A bus powered by Bio Methane Compressed Natural Gas produced from cow manure has set a new world record at 76.785mph, reaching a top speed of 80.78mph.
Millbrook – leading test and engineering solution providers for the public transport sector – recently saw an unusual test take place at its 700 acre proving ground in Bedfordshire.
Although well versed at the testing and development of low carbon vehicles, this is the first time the track has seen a bus wrapped in Friesian cow print speeding round it at more than 80mph (128k/ph).
The bus, which is normally limited to 56mph went straight back into service, picking up intrigued passengers on its usual route, the very next day.
With the UK Timing Association confirming the new record, John Bickerton, chief engineer at Reading Buses explained: “We’re excited to have set a new speed world record in a gas powered bus.
“When looking for locations to hold the record we quickly realised Millbrook was the perfect option. As the UK’s only facility with a two mile circular banked track, which enabled the bus to gather speed consistently and over a long distance – in effect it’s like driving on a never ending straight road – we felt it was the ideal circuit to set the new world record on.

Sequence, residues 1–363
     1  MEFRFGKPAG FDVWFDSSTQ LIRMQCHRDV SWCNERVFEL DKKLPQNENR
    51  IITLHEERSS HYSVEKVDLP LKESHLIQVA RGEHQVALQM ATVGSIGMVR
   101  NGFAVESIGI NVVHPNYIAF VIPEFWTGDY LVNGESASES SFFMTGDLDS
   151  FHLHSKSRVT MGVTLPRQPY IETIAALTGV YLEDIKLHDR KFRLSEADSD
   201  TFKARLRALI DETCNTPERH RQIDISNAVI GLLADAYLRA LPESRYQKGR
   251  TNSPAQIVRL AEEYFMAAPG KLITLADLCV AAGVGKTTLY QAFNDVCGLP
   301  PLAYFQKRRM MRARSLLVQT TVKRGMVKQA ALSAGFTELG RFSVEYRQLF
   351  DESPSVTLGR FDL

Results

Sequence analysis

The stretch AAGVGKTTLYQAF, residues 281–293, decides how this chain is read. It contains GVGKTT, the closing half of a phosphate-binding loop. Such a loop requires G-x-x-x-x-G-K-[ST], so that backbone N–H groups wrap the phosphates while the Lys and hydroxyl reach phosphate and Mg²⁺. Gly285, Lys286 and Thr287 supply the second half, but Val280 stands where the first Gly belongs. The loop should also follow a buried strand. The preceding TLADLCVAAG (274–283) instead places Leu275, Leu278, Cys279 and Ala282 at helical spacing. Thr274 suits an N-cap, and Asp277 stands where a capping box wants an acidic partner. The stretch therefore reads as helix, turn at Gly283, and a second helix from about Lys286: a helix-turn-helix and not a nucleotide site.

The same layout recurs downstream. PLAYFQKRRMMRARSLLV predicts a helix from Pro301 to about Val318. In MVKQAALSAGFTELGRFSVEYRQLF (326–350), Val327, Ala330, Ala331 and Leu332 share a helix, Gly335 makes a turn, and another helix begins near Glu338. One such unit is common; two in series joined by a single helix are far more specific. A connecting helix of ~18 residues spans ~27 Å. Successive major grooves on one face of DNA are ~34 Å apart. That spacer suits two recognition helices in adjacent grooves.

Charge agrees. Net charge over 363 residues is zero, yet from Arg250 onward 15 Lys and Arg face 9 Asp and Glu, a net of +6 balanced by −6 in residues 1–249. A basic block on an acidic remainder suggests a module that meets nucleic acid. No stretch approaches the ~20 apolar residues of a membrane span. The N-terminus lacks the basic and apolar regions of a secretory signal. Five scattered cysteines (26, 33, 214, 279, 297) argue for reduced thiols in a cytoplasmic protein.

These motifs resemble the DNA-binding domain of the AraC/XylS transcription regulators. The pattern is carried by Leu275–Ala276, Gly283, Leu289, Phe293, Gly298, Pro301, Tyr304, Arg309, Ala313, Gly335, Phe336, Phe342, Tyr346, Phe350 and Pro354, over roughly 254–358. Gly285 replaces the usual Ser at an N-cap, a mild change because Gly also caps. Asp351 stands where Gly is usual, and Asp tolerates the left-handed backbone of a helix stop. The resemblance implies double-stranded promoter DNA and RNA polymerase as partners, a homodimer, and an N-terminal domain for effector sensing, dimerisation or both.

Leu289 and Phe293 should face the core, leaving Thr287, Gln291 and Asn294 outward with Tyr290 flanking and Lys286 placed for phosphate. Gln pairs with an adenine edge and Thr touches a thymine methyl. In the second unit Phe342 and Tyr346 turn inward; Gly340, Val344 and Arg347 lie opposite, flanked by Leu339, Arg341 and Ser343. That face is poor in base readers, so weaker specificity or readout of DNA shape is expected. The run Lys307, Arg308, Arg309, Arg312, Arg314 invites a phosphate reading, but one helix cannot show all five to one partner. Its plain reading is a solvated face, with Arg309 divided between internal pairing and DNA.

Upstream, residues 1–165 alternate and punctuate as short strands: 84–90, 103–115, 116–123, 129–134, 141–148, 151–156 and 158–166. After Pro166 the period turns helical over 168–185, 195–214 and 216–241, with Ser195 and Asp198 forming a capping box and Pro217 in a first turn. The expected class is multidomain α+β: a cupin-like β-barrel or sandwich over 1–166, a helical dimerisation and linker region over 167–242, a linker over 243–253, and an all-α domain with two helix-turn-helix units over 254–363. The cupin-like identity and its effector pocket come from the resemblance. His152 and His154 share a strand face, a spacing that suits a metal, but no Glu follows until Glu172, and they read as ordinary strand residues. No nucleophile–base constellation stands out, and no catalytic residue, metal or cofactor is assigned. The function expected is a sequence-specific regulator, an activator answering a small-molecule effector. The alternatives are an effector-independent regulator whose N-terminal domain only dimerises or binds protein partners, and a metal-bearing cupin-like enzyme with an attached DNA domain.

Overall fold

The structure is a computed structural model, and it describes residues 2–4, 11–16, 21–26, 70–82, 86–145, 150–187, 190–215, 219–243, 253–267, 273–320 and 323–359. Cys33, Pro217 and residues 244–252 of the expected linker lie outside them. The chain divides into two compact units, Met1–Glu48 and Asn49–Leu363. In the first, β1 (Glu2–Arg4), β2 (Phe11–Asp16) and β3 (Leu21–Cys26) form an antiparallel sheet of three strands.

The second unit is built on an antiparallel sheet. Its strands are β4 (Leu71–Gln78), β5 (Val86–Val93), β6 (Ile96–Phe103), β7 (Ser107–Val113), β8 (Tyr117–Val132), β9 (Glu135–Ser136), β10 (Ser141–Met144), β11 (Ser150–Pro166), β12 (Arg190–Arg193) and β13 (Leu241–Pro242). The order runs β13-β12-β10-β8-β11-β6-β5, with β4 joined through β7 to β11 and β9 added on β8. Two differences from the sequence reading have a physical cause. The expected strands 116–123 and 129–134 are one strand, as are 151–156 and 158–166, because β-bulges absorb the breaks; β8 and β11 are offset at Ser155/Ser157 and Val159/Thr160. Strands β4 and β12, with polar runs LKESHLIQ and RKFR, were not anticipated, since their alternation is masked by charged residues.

“Millbrook’s extensive work within the industry, including exhaust emissions and fuel consumption testing of conventional and advanced technology hybrid, electric and hydrogen buses, was also a key driver in our decision to partner with them on this project.”
Bickerton said the company wanted to bring to light the viability, power and credibility of buses fuelled by cow poo, “We’ve laid down a challenge for other bus operators to best our record and we had to make it a bit hard for them.
“Most importantly we wanted to get the image of bus transport away from being dirty, smelly, and slow. We’re modern, fast, and at the cutting edge of innovation. It was an impressive sight as it swept by on the track. The aerodynamics aren’t designed for going 80mph.”
Its fuel is made from animal waste which is broken down in a process called anaerobic digestion to produce biogas, which is then liquefied and stored in seven tanks fixed inside the roof of the bus.